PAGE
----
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United States Department of State / Foreign relations of the United States diplomatic papers, 1937. The British Commonwealth, Europe, Near East and Africa

Germany,   pp. 319-405 PDF (32.6 MB)

Page 345

their consideration and reply. The final enclosure is the German text
and translation (made by the Embassy) of the Ministry of Economics'
response signed by Dr. Landwehr, the chief of that section of the
Reichsstelle fur Devisenbewirtschaftung having to do with foreign
exchange in so far as it concerns trade.
  In view of the self-explanatory character of these communications
and inasmuch as their perusal seems in any event necessary in order
to obtain a full understanding of the negotiations to date, it is not
considered desirable to enter into a detailed outline of their contents.
For purposes of convenience, however, it may be stated in brief sum-
mary that the German authorities have expressed their willingness
to permit the importation of oil by the companies named above in
accordance with a procedure corresponding closely to that laid down
for cotton barter, provided that the American authorities give assur-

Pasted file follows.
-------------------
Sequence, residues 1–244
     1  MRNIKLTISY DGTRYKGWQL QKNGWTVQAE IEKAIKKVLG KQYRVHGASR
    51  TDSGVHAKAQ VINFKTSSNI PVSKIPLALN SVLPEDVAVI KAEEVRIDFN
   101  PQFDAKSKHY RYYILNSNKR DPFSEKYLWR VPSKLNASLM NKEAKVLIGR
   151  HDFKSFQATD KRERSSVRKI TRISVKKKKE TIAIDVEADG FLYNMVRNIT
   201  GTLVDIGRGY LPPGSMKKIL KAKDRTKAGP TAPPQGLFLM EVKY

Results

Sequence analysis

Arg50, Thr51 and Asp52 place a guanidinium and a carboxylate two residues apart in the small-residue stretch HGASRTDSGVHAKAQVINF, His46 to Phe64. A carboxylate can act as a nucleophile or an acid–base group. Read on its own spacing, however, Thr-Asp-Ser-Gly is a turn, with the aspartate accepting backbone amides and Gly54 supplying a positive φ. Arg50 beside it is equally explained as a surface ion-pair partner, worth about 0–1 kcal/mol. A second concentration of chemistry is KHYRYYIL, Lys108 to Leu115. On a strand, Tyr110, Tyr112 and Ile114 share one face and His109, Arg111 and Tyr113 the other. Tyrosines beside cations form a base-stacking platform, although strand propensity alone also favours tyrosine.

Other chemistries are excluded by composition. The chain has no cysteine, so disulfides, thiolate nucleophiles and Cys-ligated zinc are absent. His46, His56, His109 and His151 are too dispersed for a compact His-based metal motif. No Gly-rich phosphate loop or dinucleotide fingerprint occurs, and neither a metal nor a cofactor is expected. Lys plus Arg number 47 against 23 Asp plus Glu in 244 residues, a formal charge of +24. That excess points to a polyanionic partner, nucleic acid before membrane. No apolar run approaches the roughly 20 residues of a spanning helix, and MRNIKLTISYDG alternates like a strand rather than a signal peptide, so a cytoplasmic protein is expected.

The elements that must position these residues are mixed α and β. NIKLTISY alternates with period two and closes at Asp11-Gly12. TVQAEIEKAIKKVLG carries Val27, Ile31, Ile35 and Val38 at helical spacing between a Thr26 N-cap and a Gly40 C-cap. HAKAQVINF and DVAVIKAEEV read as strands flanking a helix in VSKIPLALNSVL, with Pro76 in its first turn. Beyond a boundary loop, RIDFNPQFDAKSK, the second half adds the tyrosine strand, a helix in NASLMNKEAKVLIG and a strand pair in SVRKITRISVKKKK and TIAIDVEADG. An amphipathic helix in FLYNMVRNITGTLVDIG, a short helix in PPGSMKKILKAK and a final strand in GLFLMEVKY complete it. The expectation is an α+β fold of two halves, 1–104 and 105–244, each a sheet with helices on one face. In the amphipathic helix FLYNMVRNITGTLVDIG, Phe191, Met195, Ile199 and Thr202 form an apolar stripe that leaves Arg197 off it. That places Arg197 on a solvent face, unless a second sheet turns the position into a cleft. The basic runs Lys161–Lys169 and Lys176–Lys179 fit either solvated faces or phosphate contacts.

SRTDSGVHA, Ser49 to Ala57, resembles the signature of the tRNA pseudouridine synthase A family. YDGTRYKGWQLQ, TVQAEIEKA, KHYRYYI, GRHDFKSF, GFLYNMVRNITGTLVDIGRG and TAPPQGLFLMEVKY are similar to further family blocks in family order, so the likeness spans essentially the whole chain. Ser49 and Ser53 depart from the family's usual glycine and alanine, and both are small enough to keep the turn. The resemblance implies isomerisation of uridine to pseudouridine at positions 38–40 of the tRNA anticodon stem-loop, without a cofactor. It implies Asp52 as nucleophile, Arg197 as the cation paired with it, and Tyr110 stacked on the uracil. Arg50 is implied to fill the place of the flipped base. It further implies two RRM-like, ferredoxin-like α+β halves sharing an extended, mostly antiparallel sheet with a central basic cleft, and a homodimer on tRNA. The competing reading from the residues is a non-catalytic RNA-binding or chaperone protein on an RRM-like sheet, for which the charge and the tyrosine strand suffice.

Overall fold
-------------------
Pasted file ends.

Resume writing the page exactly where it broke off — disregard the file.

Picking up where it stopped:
ances that such transactions would not lead to the invocation of the
anti-dumping clauses of the Tariff Act. It is understood in principle
that the same treatment would also be extended subsequently to such
other oil companies as might wish to participate in this business.
  It will be observed that the proposed oil barter plan differs from
the cotton arrangement in three principal respects. First, unlike cot-
ton, there is no world market price for oil. In the opinion of the
interested oil companies and also apparently of the German Govern-
ment, a uniform price basis can nevertheless be established through
utilization of the German price control mechanism on the one side
and on the other through submission of export price lists by the Amer-
ican Oil companies to the Bureau of Customs in Washington accom-
panied by the guarantee that these prices will be strictly adhered to.
  Secondly, although it is proposed to render the same discount of
about 25%o in the reichsmark, the method contemplated of arriving
at the amount to be paid over the price at which the American seller
disposes of the oil in Germany varies somewhat from that followed
for cotton, according to which a uniform increase of 331/3% is added
to the world market price.
  Finally, contrary to the circumstances surrounding cotton, the
American oil producers would sell oil to the American merchants
desiring to import German goods on the express condition that it be
resold only to the respective German subsidiaries of the oil companies.
It will be noted that Mr. May has raised the question in his memo-
randum whether or not such transactions would constitute valid sales
to American importers of German goods rather than simply the pur-
chase by them of blocked credits in Germany.
  Comparing the reply of the German authorities with the companies'
proposal, it will be noted that the principal change in the suggested
procedure is to be found in connection with the measures to be adopted
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